It was in this spirit of keeping faith with history that the publisher of the New York Times cautioned the Pulitzer Prize Board this year against revoking the Pulitzer that had been awarded to Walter Duranty in 1932. Duranty was the Times’s man in Moscow from 1921 to ’34, and his career there was a case study in journalistic overcompensation. Before Duranty, the Times had humiliated itself trying to cover the USSR. Editorial writer Karl Meyer, in a brief 1990 essay on Duranty in the Times, recalled a famous postrevolution article by Walter Lippmann and Charles Merz that pointed out the Times “had reported the state’s collapse, or imminent collapse, on 91 occasions in two years.” The Times’s problem, they argued, was “seeing not what was, but what men wished to see.” It was the victim of its own “boundless credulity, an untiring readiness to be gulled, and on many occasions a downright lack of common sense.”

The Times sent Duranty to Moscow to do better. A long article by Douglas McCollam in the November/December 2003 Columbia Journalism Review quotes Duranty as later recalling that he’d arrived “viciously anti-Bolshevik” but had soon concluded that the Soviets were “sincere enthusiasts trying to regenerate a people who had been shockingly misgoverned.” As he liked to say, “You can’t make an omelet without breaking eggs.” Duranty lived large in Moscow, entertaining lavishly, and competitors whined that Stalin had him in his pocket.

Meyer, who was responding to a 1990 biography called Stalin’s Apologist, said Duranty’s sin was intellectual: “He succumbed to a thesis. Having bet his reputation on Stalin, he strove to preserve it by ignoring or excusing Stalin’s crimes. He saw what he wanted to see.”

But Duranty won the Pulitzer for a series of articles examining the first five years of “Stalinism,” a word he apparently coined. At the time the judges praised his “scholarship, profundity, impartiality, sound judgment and clarity.” No one would now, and the Pulitzer Board just spent six months deciding whether the Pulitzer should be revoked. McCollam tells us Duranty’s pieces “are flawed in many respects, but overall seem sound, and even include notes of moral condemnation rarely found elsewhere in his work.” A harsher verdict was returned earlier this year by Columbia University historian Mark von Hagen, whom the Times asked to review Duranty’s entire 1931 output, not simply the nominated stories. Von Hagen concluded the work was “cynical in tone and apologist in purpose and effect.”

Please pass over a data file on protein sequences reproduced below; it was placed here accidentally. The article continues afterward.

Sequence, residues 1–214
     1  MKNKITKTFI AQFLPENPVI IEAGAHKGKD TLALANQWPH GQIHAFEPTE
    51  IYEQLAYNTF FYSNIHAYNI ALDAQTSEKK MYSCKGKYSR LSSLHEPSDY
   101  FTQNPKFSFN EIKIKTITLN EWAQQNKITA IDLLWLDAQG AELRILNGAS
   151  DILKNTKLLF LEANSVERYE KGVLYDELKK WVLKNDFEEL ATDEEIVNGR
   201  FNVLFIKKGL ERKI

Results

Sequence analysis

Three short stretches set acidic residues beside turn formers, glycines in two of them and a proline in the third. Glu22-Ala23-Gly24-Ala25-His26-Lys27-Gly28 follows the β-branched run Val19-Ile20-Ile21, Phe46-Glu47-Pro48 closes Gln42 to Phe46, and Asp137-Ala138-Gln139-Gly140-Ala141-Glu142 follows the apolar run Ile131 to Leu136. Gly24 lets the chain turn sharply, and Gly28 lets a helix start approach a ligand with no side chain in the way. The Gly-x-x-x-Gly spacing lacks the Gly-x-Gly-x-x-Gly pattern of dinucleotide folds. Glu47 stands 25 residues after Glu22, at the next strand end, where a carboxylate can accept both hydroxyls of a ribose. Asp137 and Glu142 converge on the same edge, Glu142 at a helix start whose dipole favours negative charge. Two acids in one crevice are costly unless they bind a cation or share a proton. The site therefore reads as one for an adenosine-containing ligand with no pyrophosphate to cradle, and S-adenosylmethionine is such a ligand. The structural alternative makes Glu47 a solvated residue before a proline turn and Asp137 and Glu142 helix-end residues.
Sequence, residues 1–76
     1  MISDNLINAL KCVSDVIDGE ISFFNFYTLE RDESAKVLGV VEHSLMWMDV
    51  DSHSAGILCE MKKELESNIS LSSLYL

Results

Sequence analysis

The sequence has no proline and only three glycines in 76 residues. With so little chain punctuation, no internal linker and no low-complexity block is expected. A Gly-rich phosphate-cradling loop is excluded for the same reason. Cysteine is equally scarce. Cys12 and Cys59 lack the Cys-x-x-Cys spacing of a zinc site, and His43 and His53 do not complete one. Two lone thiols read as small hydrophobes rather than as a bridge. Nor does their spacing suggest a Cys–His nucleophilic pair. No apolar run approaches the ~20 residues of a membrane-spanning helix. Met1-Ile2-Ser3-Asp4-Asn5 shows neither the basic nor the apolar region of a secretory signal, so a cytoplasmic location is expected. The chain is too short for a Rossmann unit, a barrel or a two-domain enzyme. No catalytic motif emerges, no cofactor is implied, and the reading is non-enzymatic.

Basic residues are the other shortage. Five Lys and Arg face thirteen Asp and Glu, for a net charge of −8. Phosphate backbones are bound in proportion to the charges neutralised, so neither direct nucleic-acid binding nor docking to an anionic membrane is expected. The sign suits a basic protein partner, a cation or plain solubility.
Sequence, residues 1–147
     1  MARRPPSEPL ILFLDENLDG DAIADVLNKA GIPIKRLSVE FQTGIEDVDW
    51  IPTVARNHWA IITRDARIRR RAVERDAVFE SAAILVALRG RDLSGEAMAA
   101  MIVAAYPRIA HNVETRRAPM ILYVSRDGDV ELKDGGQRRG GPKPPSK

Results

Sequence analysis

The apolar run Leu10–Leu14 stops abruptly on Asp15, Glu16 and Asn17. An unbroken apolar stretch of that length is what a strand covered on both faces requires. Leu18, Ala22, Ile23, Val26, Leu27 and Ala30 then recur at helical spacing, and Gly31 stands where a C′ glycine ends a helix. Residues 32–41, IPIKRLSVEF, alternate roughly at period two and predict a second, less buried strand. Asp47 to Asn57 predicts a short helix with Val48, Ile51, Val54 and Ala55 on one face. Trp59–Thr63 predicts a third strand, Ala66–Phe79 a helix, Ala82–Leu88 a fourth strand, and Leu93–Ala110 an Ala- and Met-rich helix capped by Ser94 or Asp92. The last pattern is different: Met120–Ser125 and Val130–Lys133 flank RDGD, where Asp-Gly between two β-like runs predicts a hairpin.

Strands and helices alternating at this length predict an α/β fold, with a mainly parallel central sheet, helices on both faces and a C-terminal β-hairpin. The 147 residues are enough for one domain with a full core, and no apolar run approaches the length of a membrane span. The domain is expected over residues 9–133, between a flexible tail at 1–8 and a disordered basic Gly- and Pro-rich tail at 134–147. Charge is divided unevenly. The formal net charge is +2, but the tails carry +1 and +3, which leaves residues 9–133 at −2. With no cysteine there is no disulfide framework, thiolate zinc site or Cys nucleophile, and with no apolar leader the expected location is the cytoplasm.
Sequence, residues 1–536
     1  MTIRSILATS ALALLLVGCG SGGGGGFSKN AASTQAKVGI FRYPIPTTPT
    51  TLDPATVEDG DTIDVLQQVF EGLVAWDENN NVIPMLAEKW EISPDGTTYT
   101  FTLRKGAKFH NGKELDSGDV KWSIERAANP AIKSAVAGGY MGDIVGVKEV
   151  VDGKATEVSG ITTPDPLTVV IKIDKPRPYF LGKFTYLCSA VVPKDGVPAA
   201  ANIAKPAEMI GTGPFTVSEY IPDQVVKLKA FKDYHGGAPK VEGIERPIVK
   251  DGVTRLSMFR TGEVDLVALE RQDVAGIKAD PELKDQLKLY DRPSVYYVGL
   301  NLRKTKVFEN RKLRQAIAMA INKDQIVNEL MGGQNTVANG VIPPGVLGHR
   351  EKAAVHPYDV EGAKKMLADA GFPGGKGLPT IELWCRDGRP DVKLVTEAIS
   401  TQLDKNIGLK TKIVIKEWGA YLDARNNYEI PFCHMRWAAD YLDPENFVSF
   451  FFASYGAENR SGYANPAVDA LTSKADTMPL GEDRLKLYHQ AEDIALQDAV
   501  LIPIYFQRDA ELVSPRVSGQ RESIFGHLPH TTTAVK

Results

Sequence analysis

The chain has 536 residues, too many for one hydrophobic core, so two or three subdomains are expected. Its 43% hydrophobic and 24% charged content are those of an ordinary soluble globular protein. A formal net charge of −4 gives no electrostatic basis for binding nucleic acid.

But though McCollam observes that in the executive corridor where the Times displays its Pulitzer winners, a note by Duranty’s portrait says, “Other writers in the Times and elsewhere have discredited this coverage,” it’s not the coverage that won Duranty a Pulitzer that he’s being damned for. In 1933 Duranty denied the existence of the Ukrainian famine in which five million to ten million people died. Stalin’s collectivization policy, enforced by marauding troops, was behind the famine, and Duranty, still in Moscow and relying on Kremlin sources, attacked the credibility of reporters who’d slipped into Ukraine and described what they saw.

McCollam writes that in his earlier reporting, Duranty might simply have been playing the familiar game of pulling punches in order to stay where he was and go on writing anything at all. But with his famine coverage “he allowed himself to become a vehicle of Soviet propaganda.” That coverage led Ukrainian-Canadian and Ukrainian-American groups to launch this year’s crusade to revoke Duranty’s Pulitzer.

The Times could formally renounce the prize. It hasn’t. And last July, when the paper forwarded von Hagen’s report to the Pulitzer Board, it attached a cautionary note from publisher Arthur Sulzberger Jr. He called Duranty’s work “slovenly” and told the board that the Times would go along with whatever the board decided, but he wondered if it wanted to imitate the “Stalinist practice to airbrush purged figures out of official records and histories.”